This month, The Hub at Baton Rouge Blog has a few book suggestions that you might like to read. Dive into a deserted reptile farm in South and West: From a Notebook, explore what it’s like to work for a top fashion magazine in How to Murder Your Life, live many lives in Is Everyone Hanging Out Without Me? (And Other Concerns), and feel inspired by a story of resilience in The Rules Do Not Apply. Read on to learn more about these books in today’s blog post.
“Joan Didion has always kept notebooks: of overheard dialogue, observations, interviews, drafts of essays and articles. In one such draft in 1970 in Mississippi she interviews prominent local figures, describes motels, diners, a deserted reptile farm, a visit with Walker Percy, a ladies’ brunch at the Mississippi Broadcasters’ Convention. And from a different notebook: the “California Notes” that began as an assignment from Rolling Stone on the Patty Hearst trial of 1976. Here, too, is the beginning of her thinking about the West, its landscape, the western women who were heroic for her, and her own lineage, all of which would appear later in her acclaimed 2003 book, Where I Was From.”
“At twenty-six, Cat Marnell was an associate beauty editor at Lucky, one of the top fashion magazines in America—and that’s all most people knew about her. But she hid a secret life. She was a prescription drug addict. She was also a “doctor shopper” who manipulated Upper East Side psychiatrists for pills, pills, and more pills; a lonely bulimic who spent hundreds of dollars a week on binge foods; a promiscuous party girl who danced barefoot on banquets; a weepy and hallucination-prone insomniac who would take anything—anything—to sleep.”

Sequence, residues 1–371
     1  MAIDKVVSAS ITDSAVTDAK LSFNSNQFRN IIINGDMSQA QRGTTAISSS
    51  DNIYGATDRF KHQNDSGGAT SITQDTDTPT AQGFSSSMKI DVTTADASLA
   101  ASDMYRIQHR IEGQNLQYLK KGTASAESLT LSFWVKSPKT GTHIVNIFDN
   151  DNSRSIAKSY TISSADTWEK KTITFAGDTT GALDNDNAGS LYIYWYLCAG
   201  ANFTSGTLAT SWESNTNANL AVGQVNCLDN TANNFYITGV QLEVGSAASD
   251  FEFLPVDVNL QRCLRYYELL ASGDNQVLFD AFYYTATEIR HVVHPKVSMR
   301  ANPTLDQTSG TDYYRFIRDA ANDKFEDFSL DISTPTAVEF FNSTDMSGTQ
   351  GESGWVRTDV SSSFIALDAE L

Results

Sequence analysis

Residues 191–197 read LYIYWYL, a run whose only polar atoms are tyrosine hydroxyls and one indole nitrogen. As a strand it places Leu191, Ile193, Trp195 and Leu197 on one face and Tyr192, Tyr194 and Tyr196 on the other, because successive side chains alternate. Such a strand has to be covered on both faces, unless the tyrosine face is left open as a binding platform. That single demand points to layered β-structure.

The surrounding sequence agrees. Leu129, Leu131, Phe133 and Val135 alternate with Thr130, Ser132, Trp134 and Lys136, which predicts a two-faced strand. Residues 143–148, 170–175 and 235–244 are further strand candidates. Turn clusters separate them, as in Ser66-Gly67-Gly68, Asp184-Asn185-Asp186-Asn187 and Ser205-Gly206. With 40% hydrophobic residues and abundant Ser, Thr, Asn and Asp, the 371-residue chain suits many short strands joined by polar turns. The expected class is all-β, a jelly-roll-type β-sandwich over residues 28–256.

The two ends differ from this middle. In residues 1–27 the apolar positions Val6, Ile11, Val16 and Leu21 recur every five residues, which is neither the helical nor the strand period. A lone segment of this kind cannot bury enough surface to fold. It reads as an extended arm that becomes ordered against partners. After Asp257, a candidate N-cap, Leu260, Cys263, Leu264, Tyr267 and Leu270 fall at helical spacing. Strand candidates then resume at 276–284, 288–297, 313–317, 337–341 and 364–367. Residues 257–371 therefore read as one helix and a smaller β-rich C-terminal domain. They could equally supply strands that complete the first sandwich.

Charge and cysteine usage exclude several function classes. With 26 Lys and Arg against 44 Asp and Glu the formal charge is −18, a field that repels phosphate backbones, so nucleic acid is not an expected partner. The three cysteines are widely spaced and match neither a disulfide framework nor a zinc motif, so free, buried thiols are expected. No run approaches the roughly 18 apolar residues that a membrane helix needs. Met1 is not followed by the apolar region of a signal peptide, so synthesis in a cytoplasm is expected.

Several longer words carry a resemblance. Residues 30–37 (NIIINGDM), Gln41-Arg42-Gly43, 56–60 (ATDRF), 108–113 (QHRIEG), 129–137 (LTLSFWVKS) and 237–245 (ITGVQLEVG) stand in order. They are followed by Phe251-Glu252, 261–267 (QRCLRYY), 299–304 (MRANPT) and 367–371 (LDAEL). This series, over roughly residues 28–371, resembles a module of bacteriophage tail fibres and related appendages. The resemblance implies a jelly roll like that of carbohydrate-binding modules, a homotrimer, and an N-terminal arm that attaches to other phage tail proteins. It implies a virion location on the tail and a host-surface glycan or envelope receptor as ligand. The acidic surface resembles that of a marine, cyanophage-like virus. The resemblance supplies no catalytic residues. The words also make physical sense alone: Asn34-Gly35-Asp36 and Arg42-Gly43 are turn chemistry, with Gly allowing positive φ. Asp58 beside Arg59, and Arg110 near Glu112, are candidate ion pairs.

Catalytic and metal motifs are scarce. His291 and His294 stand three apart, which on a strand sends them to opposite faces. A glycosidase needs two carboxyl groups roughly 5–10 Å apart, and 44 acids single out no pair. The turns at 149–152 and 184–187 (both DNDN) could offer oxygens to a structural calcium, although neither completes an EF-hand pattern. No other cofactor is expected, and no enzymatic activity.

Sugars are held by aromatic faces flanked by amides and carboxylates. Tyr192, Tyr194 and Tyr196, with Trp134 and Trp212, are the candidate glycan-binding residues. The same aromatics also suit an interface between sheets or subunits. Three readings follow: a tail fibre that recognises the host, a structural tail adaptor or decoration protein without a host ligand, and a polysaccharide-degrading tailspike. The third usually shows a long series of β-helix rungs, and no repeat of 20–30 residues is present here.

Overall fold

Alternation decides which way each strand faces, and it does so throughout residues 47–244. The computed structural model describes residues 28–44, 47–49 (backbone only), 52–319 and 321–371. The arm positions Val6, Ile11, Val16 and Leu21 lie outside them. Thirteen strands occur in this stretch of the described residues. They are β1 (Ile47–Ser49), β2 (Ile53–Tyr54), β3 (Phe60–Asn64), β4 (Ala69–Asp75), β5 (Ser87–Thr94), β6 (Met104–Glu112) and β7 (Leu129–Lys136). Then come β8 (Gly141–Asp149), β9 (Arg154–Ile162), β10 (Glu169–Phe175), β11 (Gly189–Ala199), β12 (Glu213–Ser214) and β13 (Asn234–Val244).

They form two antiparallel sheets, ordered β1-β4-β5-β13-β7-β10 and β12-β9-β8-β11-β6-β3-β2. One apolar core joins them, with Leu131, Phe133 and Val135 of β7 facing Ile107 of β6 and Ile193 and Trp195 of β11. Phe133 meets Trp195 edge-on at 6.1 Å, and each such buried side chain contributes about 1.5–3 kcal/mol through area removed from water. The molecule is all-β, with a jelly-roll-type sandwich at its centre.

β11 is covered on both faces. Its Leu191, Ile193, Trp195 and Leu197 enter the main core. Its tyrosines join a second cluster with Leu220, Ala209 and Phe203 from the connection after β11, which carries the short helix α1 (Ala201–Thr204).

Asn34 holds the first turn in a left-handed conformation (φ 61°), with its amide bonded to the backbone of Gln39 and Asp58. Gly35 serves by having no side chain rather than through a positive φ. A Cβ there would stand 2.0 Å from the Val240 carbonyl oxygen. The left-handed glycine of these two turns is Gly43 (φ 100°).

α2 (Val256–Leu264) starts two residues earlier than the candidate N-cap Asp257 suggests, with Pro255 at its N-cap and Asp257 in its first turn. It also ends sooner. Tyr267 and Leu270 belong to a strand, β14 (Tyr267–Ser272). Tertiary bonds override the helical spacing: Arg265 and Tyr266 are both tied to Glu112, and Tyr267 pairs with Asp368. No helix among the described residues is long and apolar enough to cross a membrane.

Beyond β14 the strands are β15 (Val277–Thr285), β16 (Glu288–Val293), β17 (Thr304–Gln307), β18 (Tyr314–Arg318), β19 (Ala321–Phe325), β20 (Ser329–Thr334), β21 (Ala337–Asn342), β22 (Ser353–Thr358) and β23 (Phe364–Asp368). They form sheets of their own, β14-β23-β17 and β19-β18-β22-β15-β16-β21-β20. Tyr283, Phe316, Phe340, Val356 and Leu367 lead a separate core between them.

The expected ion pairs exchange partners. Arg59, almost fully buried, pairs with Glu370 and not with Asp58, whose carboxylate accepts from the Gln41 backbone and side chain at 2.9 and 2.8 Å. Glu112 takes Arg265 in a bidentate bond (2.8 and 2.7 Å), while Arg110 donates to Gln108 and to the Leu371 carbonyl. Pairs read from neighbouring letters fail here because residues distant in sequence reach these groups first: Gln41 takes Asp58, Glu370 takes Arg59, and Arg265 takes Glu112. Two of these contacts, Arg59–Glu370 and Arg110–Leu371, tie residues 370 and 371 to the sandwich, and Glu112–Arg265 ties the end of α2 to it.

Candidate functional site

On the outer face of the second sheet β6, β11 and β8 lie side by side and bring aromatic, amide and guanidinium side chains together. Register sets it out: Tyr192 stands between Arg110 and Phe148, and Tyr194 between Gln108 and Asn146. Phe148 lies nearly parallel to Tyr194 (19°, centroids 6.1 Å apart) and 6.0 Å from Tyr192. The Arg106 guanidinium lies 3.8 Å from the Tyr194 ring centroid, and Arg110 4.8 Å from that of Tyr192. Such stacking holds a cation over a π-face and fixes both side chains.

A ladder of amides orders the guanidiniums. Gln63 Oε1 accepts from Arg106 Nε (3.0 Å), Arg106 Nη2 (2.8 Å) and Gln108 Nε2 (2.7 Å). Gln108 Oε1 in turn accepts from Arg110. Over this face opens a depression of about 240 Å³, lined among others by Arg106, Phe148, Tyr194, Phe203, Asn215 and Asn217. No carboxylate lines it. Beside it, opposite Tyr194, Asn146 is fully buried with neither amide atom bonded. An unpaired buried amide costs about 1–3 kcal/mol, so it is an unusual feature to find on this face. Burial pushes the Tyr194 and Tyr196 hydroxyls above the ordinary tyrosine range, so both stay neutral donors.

“Mindy Kaling has lived many lives: the obedient child of immigrant professionals, a timid chubster afraid of her own bike, a Ben Affleck–impersonating Off-Broadway performer and playwright, and, finally, a comedy writer and actress prone to starting fights with her friends and coworkers with the sentence ‘Can I just say one last thing about this, and then I swear I’ll shut up about it?’”
“When Ariel Levy left for a reporting trip to Mongolia in 2012, she was pregnant, married, financially secure, and successful on her own terms. A month later, none of that was true. Levy picks you up and hurls you through the story of how she built an unconventional life and then watched it fall apart with astonishing speed. Like much of her generation, she was raised to resist traditional rules—about work, about love, and about womanhood. In this “deeply human and deeply moving” (The New York Times Book Review) memoir, Levy chronicles the adventure and heartbreak of being, in her own words, “a woman who is free to do whatever she chooses.” Her story of resilience becomes an unforgettable portrait of the shifting forces in our culture, of what has changed—and of what is eternal.”
What books will you be reading in your Baton Rouge, LA this month? Leave the titles in the comments below.